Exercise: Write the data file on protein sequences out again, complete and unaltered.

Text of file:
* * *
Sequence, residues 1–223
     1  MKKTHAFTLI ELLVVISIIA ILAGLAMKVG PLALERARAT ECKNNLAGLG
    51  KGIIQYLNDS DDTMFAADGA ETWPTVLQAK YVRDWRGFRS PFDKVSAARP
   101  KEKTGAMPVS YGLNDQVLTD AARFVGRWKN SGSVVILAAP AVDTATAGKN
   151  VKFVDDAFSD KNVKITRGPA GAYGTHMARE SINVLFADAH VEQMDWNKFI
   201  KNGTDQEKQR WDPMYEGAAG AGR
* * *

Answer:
Sequence, residues 1–223
     1  MKKTHAFTLI ELLVVISIIA ILAGLAMKVG PLALERARAT ECKNNLAGLG
    51  KGIIQYLNDS DDTMFAADGA ETWPTVLQAK YVRDWRGFRS PFDKVSAARP
   101  KEKTGAMPVS YGLNDQVLTD AARFVGRWKN SGSVVILAAP AVDTATAGKN
   151  VKFVDDAFSD KNVKITRGPA GAYGTHMARE SINVLFADAH VEQMDWNKFI
   201  KNGTDQEKQR WDPMYEGAAG AGR